barstow final scenes decca

Josephine Barstow (soprano)
Final Scenes

Richard Strauss (1864-1949)
Salome (1905)
Luigi Cherubini (1780-1843)
Médée (1797)
Leoš Janáček (1854-1928)
Věc Makropulos (1925)
Giacomo Puccini (1858-1924)
Turandot* (1924)
Scottish Opera Chorus & Orchestra/John Mauceri
rec. 1989, Glasgow Town Hall, Glasgow, Scotland
*first recording of the complete Alfano ending (1926)
DECCA 430 203-2 [77]

The publication of my friend and colleague Lee Denham’s review of the new recording on the Warner label of Turandot conducted by Sir Antonio Pappano and his extensive survey of the same opera prompted me to re-visit this recital, as it features the first recording of Alfano’s completion which was rejected by Toscanini but used by Pappano for the first time in a complete recording. It does not appear to have been previously reviewed on MusicWeb, although passing references have been made to it and Lee’s praises the account of that final scene here as superior: “[I]t is Mauceri who captures the greater sense of blazing discovery with his standalone recording…”.

Dame Josephine Barstow had just turned 49 at the time of this recording and was thus still at the height of her powers. The theme and range of this very-well-filled recital are satisfying and well balanced, too: the finales of four operas, each in a different language, with supporting casts and chorus and lasting about twenty minutes. Renowned as a “singing actress”, Barstow certainly invests Salome’s ongoing commentary with great drama while still managing to sound young, and her characterisation borders on the frenzied and hysterical rather than the cool and calculated – which works; it suggests that this obsessive young woman is psychotic rather than evil. The observation was always made that Barstow’s voice was never “conventionally beautiful” and she herself was content to place dramatic impact before sustained beauty of tone – but that does not mean that her singing is ugly; indeed, her top notes are secure and her emission very steady, and the combination of superlative playing from the Scottish orchestra, Mauceri’s energised conducting and her powerful singing is highly engaging. When she declares “du hättest mich geliebt!” (you would have loved me) we believe that she believes it, and her crooned and whispered delivery of the final outrage “Ah! Ich habe deinen Mund geküßt, Jochanaan!” (Ah! I have kissed your mouth, Jokanaan!”) is chilling – as is Graham Clark’s neurotic, biting-voiced Herod.

I find the excerpt from Médée less convincing. Much of it consists of high-powered declamatory recitative which lies in the centre of Barstow’s voice where it is least attractive and often sounds a bit croaky; it also reveals a certain weakness in her lower-register; you have only to listen to Callas, Rita Gorr or Sylvia Sass to hear how much more power and venom they inject into Médée’s imprecations. Mauceri’s direction is taut and there is no lack of impetus but I just don’t think this is a good fit for Barstow. The chorus is terrific but John Treleaven is a dull, unheroic Jason, without much ring to his tenor.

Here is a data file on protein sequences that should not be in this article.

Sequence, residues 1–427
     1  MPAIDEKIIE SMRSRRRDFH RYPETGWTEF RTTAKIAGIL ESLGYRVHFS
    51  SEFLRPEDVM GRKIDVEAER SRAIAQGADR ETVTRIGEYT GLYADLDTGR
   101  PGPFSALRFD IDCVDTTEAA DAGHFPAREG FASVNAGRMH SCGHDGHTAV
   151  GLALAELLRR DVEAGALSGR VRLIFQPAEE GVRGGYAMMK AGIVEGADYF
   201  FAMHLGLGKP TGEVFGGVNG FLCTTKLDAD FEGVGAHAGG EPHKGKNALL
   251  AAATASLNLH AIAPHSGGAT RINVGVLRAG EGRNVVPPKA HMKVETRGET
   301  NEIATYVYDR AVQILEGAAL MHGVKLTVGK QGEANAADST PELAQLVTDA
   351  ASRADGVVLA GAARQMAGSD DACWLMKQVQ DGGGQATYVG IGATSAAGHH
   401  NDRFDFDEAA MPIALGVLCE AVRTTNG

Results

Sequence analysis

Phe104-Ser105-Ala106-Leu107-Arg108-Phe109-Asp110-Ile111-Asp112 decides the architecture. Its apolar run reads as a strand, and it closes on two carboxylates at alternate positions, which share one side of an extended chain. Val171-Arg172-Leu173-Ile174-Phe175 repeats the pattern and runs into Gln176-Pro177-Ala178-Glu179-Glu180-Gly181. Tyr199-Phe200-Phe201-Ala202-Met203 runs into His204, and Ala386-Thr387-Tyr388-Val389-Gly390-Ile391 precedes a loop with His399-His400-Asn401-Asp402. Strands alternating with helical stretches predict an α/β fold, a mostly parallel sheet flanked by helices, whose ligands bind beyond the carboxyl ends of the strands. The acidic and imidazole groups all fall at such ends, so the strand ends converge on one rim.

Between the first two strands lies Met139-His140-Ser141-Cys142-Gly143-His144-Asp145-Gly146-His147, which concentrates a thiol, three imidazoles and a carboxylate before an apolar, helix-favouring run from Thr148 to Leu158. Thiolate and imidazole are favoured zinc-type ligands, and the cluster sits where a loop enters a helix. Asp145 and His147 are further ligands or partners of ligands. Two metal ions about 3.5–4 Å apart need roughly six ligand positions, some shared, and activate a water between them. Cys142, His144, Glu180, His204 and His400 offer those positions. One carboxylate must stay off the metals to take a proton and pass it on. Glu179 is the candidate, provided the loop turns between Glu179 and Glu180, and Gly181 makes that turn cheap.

I will come clean and confess that I have never got on with Janáček’s operas and the excerpt here holds few charms for me. I can hear, however, how vividly Barstow impersonates the ageless siren Emilia Marty/Elina Makropulos – even if some of her vocal acrobatics are rather wrenching – and her co-singers are equally adept. Mauceri again conducts vividly and the dénouement is as striking orchestrally as it is vocally.

For many the main interest will rightly lie in the novelty of hearing the Alfano ending to Turandot and the same energy which characterise Mauceri’s conducting in the previous three extracts spills over into this last, climactic finale, making the strongest possible case for it; it is demonstrably superior to the truncated version imposed by Toscanini. Tenor Lando Bartolini is a bit stolid and four-square – hardly erotically charged – but he has a strong, virile voice and the text makes up for any deficiency in passion with lines like “I seni tuoi di giglio ah! treman sul mio petto!” (Your lily-white breasts – ah! – quiver on my breast!) – Ooh, matron! Barstow finds considerable pathos in her portrayal of the Ice-Princess and even arouses some sympathy with “la mia gloria è finita” (my glory is over). Whether she would have had sufficient stamina to sing an entire performance is debatable but she certainly finds the heft and intensity to carry it off here, singing really heroically; “il suo nome è… Amor!” (His name is…Love!) on a great B-flat and the ensuing top notes – D-flat, C and B – in combination with the resplendent brass in the climax are enough to give any listener goosebumps.

This is still available on CD and as a download. The recording quality is outstanding. Texts and English translations are provided. Peculiarly, there are essays in French and German about Barstow but none in English – but there is an essay in English only about the Alfano completion. Go figure the logic behind that.

Ralph Moore

Other performers
Graham Clark (tenor) – Herod
Claire Livingstone (mezzo-soprano) – Herodias
John Treleaven (tenor) – Jason
Clare Shearer (mezzo-soprano) – Néris
Věc Makropulos:
Jason Howard (baritone) – Prus
Steven Page (bass-baritone) – Kolenatý
Anne Williams-King (soprano) – Kristina
Graham Clark (tenor) – Albert Gregor
Alasdair Elliott (tenor) – Vítek
Lando Bartolini (tenor) – Calaf

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